I remember a program specifically for young women (possibly in Bangladesh, possibly linked from slatestarcodex) that specifically listed "ambition" as one of the things it wanted to foster. But participants went in wanting to be doctors and left wanting to be administrative assistants. They did not show improvement on any measured axis. Can't seem to find the link
DARE belongs in the same paragraph as Scared Straight, FWIW
[Repost from my FB]
I'd like to introduce a setup that's a little different from these arbitrary axes and feels truer to life...
To avoid object-level politics, I'll use Scott's (or was it Nick's?) example:* Party A wants to increase taxes and social services 5%, and to require everyone to electrocute themselves 8 hours a day.* Party B wants to decrease taxes and social services 5%, and to require everyone to electrocute themselves 8 hours a day.* Party C wants to leave taxes and social services as they are, and stop the electrocutions.
"Everyone" knows that Party C isn't serious. They get no media coverage, except as a punchline. Only people with no popularity to lose will come out openly as Party C'ers. And rather then break the dam, they make Party C association a mark of stigma.
Under FPTP, we need roughly a third of the people to *believe party C has a chance*, with no way to build momentum. Naturally, the electrocutions continue.
Under IRV (and I think any ordered ranking), we need roughly a third of people to pay attention. Then they can easily vote C>A>B or C>B>A and end the electrocutions. And if it's less than a third, it still shows a nice clear signal that Not Electrocuting Ourselves is an idea to be taken seriously.
Under Approval, people won't want to vote "C" because that gives up the chance to effect the taxes/services tradeoff which is the only thing they expect to be up for grabs. So they vote "A,C" or "B,C". And feel bad about it, because they don't actually *approve* of A or B. Which means they're voting against themselves. Now we need half of people to pay attention, and with a much weaker take-this-seriously signal. After all, "A,C" could just be intented as a hardcore vote against B (some people take the A-B rivalry very seriously).
This misses senses in which resources can run out.
Simplestly, there's locked-in-use. Consider Rhenium. It's about 1ppb in Earth's crust and about 1000 tonnes of it have been refined in all of history. How much can be produced without implausibly destructive mining techniques is hard to estimate. It's essentially indestructable and uncreateable. It's used in jet engines and other high-temperature high-pressure applications. The number of jet engines in service at any time is bounded by available Rhenium. After that limit, new engines can only be made by melting down old ones. If you try to stick a trillion people on Earth, the jet/person ratio may get awfully low.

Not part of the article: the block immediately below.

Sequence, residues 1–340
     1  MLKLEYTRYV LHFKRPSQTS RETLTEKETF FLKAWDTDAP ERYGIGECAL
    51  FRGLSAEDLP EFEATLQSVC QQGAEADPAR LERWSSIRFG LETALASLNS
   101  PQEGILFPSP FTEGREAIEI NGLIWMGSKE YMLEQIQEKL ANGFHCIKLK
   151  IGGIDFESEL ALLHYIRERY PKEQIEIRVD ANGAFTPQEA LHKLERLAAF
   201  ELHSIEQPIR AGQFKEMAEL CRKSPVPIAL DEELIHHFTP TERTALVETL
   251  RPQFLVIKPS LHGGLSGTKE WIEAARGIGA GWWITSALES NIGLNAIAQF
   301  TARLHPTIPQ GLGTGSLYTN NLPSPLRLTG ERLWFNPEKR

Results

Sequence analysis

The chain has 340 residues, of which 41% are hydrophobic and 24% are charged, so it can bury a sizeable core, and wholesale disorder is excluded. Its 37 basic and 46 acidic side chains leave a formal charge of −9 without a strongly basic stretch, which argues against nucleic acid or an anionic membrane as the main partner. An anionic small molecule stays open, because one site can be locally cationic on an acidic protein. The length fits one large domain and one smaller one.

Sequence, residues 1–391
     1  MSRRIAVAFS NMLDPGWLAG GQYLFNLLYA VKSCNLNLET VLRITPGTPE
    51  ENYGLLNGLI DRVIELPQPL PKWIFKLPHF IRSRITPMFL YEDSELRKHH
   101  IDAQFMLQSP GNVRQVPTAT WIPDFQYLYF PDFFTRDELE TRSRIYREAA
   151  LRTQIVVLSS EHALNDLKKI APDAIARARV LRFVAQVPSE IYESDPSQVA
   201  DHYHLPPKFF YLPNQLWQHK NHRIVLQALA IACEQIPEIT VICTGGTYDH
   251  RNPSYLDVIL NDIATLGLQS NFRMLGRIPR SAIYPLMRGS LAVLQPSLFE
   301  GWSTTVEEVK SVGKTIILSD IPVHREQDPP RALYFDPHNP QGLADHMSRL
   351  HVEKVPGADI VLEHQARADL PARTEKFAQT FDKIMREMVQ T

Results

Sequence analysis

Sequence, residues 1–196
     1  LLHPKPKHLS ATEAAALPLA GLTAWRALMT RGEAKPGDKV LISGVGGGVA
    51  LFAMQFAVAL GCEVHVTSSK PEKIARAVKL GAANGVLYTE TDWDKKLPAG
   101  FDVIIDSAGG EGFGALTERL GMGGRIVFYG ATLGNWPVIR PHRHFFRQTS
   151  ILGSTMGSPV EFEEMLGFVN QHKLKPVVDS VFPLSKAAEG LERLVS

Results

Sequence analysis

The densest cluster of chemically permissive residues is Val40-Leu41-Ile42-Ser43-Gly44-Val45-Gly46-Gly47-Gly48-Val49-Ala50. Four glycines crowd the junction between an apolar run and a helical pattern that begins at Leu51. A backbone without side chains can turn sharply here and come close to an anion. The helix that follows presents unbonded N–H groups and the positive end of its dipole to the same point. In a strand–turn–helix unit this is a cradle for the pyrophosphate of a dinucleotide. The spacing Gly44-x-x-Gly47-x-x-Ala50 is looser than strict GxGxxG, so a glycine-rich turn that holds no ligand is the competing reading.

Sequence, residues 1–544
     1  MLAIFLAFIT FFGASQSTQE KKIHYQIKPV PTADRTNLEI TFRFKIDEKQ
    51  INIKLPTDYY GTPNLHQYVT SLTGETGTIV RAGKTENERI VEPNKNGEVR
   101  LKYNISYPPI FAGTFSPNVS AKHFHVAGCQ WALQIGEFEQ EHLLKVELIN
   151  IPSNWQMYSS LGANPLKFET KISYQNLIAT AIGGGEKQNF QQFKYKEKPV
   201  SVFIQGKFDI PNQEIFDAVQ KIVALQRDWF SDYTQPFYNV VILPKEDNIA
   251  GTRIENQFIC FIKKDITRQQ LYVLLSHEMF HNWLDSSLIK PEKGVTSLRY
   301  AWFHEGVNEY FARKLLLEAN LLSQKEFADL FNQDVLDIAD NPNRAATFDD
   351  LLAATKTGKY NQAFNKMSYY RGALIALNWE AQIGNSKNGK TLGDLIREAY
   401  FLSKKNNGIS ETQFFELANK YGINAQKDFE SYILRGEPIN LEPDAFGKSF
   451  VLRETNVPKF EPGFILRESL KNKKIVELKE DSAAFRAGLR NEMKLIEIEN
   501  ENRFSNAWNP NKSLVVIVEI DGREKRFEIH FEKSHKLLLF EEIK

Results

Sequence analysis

A more subtle locked-when-in-use resource is surface area. Especially temperate land surface. It can either be providing humans with psychologically-needed sky access or be covered in solar panels. (Or be used for agriculture or left as wilderness for other species, but in the extreme case those will be abandoned as inefficient.)
Another failure mode is that we may fail to solve the technological problems in using resources so efficiently. I mentioned above that agriculture was an inefficient way of converting sunlight and CHON into consumable food. But if we replace it with photovoltic cells and chemical plants, we risk missing a vital micronutrient and suffering widespread health issues.
A subtler version of this is failing to solve the social problems. Imagine living in Alberta Canada in a world where electricity comes from a solar plant thousands of miles to the south and water from a desalinization plant thousands of miles to the west. And if either breaks down even briefly you and your neighbors all die. Likewise if anything goes wrong in the transmission systems anywhere along the route. Can we run infrastructure that reliably? Can we prevent terrorism in such a situation? Can we cope with the problems caused by the solutions to the preceding problems?
For the PPE, check out https://www.facebook.com/groups/opensourcecovid19medicalsupplies
What's our gender ratio?
Not sure how it becomes a speech, but anyone planning an EA wedding would probably be glad to read:
I feel obligated to drop this link: https://secularsolstice.github.io/lists/gen/All_Speeches.html
Some of which could probably be adapted for non-Solstice purposes.
As I understand it, the Moderna human trial should have safety data good enough for real-world purposes in about two months. It's a test of 45 people, so if 7% of the population is infected by that time (as seems likely) and none of the vaccinated people are, that's p<0.05 that it's effective, even though they weren't deliberately testing that.
Granted, the vaccine might *not* work, in which case we need a different angle.
But if it does, the FDA will then delay it another year or two. Does anyone know of any leverage at all that could be exerted over the FDA?
From the NCMEC report:
A major contributor to the observed exponential growth is the rise of proactive, automated detection efforts by ESPs [electronic service providers], as shown in Figure 3 . Since then, reporting by ESPs increased an average of 101% year-over-year, likely due to increasing user bases and an influx of user-generated content. While automated detection solutions help ESPs scale their protections, law enforcement and NCMEC analysts currently contend with the deluge of reports in a non-automated fashion as they are required to manually reviews the reports